Electronics / EBM / Electronica
Industrial Music / Industrial Metal / Aggro Industrial / Electro Metal
Industrial Noise / Power Noise / Harsh Noise
Synth Pop / Electro Pop / Synth-Electronica
Techno / Trance / Goa / Drum'n'Bass / Jungle / Tribal / Trip-Hop
Ambient / Electronica / Ethereal / Dub / Soundscapes / Abstract
Experimental / Avantgarde / Weird & Wired / Odd / Field Recording
Dark / Gothic / Wave / New Wave / Dark Wave / Industrial Gothic
May 16 2013
The very first moments of this interesting collaborative recording by two of the most interesting contemporary musicians with the penchant for extreme experimentation, the master of minimalism Charles Martin, commonly known as Charlemagne Palestine, and protean American percussionist and sound artist Stefan Joel Weisser aka Z'EV, resembled the Italian version of a notorious French nursery rhyme "Frere Jacques" (the English version is known as "Brother John" or "Are You Sleeping?"), which sings about a certain friar named Martin, who plays bells. Joking aside, this sonic document whose title "Rubhitbangklanghear | Rubhitbangklangear" could vaguely summarize some "concrete" aspects of this musical performance. Its gestational times are almost mythological, as these renowned sound artists needed more than 20 years to channel their performative arts into a release: Charlemagne Palestine and Z'EV met in Amsterdam in the eighties, but they performed together just in 2007 (at Lem, Barcelona), but their first studio recording occurred in 2010 and it started after zoning out while seeing and listening to the carillon that Charles held in his studio in Brussels. After 3 days of recordings, this album is what they squeezed: highly hypnotical bells reel in sonic space while they twine on mesmerizing dull thuds, choking metallic hits, dazzling strokes, loosing acousmatic sounds Z'EV manages to squeeze. There are two avalable version of the release, but I warmly recommend the double CD one as you will find the complete recordings, both the collaborative versions (marked by a CZ, abbreviation of Charlemagne and Z'EV) and solo ones (marked by the initial letter of each performer). If solo performances sound unbelievably entrancing and magnetic, you can barely imagine how they could sound when they join respective flows...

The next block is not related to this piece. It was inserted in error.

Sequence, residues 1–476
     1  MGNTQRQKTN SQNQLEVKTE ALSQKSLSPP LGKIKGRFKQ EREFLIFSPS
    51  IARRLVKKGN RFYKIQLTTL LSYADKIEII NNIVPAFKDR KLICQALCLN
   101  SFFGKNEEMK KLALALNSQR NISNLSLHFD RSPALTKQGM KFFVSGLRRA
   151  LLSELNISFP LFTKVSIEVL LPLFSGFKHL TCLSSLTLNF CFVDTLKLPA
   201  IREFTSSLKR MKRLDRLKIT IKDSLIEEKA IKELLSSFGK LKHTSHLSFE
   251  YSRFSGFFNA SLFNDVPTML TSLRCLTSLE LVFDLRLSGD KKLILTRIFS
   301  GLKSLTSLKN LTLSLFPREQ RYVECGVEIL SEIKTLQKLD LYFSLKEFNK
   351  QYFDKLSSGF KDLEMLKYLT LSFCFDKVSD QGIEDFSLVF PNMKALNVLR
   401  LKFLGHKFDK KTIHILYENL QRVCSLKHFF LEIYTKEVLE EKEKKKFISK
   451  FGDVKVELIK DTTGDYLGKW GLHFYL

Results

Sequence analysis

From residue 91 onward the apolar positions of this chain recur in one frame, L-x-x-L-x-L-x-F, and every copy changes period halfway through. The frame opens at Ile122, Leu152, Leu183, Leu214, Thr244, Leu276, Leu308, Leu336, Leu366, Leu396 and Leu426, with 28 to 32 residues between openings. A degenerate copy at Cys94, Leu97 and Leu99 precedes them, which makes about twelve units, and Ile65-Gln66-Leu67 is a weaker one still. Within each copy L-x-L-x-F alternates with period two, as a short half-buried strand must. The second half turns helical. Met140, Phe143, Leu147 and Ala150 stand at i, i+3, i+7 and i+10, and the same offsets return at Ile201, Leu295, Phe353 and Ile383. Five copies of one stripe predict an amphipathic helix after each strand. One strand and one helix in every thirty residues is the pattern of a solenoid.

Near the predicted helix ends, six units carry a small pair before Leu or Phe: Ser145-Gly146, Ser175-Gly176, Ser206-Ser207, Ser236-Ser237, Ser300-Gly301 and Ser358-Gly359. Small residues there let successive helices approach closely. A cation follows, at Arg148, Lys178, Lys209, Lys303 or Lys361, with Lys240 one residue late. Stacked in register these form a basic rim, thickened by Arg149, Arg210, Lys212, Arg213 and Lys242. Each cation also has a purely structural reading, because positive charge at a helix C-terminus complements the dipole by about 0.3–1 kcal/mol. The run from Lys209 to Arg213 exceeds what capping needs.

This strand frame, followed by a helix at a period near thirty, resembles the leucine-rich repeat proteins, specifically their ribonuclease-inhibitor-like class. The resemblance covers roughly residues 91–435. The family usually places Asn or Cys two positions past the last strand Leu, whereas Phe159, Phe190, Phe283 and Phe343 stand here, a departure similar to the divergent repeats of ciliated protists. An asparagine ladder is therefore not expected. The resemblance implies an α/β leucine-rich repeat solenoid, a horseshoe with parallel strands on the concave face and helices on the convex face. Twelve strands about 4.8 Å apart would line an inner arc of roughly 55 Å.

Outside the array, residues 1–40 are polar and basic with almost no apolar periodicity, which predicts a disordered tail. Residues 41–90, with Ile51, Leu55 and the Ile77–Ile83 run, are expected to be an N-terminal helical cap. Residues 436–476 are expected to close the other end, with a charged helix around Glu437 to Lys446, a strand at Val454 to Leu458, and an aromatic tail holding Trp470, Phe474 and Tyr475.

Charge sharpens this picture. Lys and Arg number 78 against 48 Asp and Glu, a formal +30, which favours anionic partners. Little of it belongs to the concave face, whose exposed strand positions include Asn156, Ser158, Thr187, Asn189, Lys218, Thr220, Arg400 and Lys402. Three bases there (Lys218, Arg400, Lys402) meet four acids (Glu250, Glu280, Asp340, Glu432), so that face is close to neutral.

May 15 2013
Title: Many Worlds (The Crystal Issue Cycle 3)
Label: The Crystal Issue
Title: Many Worlds (The Crystal Issue Cycle 3)
Label: The Crystal Issue